Parts of Officer Gray’s deposition testimony was read to the jury at the trial in which he testified he “felt ill-equipped to handle the encounter with Mr. Brown because he lacked his uniform, patrol car, and radio. Officer Gray clearly and repeatedly testified he had never received training in how to handle this type of situation when he was off-shift.”
His actual deposition testimony included the following: “Now if they had issued a radio to carry all the time, I would have effectuated an arrest immediately. I would have called for backup…. I was never trained off duty as to what to do in a situation like that…. I was trained in an on-duty capacity, sir, to call for backup, take the suspect out at gunpoint. I was not trained in an off-duty capacity to handle this situation…. It’s a different situation than if I were in a uniform where [Mr. Brown] could see the marked patrol car…. I would have the opportunity to call for back-up…. I’m trained in an on-duty capacity,…I never have been trained in an off-duty capacity…. I was told that you are on duty 24 hours a day.”
The Circuit Court of Appeals noted that: “Officer Gray also testified he was instructed simply identifying himself verbally as a police officer while off-shift should be sufficient to require a citizen to accede to his demands. …”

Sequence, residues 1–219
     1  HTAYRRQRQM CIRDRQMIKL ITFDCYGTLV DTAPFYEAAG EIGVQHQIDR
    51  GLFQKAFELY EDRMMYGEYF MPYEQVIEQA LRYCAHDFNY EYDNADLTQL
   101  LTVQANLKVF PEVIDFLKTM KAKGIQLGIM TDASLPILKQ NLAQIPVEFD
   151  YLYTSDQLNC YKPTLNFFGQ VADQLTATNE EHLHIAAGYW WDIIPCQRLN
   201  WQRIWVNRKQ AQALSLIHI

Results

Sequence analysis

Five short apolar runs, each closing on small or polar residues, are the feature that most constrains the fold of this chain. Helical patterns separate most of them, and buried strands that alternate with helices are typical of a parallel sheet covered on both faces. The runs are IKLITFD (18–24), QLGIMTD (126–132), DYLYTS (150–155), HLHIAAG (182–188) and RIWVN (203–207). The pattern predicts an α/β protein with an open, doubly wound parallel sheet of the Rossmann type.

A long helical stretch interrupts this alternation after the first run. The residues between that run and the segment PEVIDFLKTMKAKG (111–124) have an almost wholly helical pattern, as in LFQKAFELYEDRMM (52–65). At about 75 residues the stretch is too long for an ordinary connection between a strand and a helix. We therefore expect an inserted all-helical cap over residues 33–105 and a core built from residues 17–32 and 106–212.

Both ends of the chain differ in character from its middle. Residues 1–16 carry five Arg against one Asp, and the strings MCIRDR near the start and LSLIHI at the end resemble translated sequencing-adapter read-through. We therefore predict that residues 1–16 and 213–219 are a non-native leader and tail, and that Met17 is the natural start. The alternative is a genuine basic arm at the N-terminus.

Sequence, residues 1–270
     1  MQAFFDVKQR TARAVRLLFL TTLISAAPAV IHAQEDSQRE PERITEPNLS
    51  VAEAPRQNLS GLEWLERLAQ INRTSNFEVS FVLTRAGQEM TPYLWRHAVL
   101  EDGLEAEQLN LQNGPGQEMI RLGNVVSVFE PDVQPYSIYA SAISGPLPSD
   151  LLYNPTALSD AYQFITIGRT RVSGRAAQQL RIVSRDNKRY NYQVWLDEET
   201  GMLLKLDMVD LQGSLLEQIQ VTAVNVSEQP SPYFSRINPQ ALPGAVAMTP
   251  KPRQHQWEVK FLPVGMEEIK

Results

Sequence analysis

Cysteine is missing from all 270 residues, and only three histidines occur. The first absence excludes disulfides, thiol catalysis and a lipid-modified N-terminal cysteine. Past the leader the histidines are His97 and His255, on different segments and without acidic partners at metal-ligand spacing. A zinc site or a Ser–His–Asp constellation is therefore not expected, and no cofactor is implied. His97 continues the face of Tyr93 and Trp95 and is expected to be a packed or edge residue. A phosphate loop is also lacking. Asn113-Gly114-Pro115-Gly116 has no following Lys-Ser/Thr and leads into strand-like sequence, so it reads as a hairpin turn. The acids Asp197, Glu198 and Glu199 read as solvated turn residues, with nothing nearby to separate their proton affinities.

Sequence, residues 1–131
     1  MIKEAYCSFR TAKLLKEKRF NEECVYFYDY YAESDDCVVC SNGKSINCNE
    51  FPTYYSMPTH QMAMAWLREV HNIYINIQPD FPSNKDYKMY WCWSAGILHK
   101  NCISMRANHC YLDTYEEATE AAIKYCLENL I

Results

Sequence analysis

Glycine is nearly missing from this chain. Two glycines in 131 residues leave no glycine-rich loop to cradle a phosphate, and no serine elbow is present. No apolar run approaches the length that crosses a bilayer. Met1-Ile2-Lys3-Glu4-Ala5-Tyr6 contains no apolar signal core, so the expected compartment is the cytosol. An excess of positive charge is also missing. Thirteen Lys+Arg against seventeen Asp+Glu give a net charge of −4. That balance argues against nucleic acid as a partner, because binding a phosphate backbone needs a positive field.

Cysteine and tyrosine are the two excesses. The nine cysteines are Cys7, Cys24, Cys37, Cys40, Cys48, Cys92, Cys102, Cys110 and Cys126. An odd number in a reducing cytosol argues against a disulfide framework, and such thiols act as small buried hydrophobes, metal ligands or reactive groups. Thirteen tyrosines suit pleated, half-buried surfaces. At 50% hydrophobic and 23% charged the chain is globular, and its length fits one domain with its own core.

“This evidence, along with the shooting itself, provided a sufficient basis for the jury to determine that Denver’s training program with respect to implementing the always armed/always on duty policy in off-shift scenarios was inadequate.” The Appeals Court also reviewed the evidence given by the Denver police department captain who was the academy commander and who had been a police officer for 29 years. The Appeals Court noted as follows:
The former director of the Denver training academy testified that the “officer training program makes no distinction between off-duty and on-duty scenarios because they are considered to be the same.” He also acknowledged that “a conscious decision was made not to distinguish between off-shift and on-shift scenarios in the training program because it was believed they were all the same, despite the fact that off-shift officers would be without their radios, uniforms and marked police cruisers. …He also stressed that no distinction was made between on- and off-shift incidents due to the important nature of the job and the significant role police officers play in the community. …” He “candidly acknowledged that the always armed/always on duty policy was risky for officers…but insisted that no further training was necessary for its implementation.”
The Appeals Court also reviewed the evidence given by the Plaintiff’s expert witness who had been qualified as an expert “with extensive background in police policies, procedures, and training practices…” The Appeals Court noted as follows: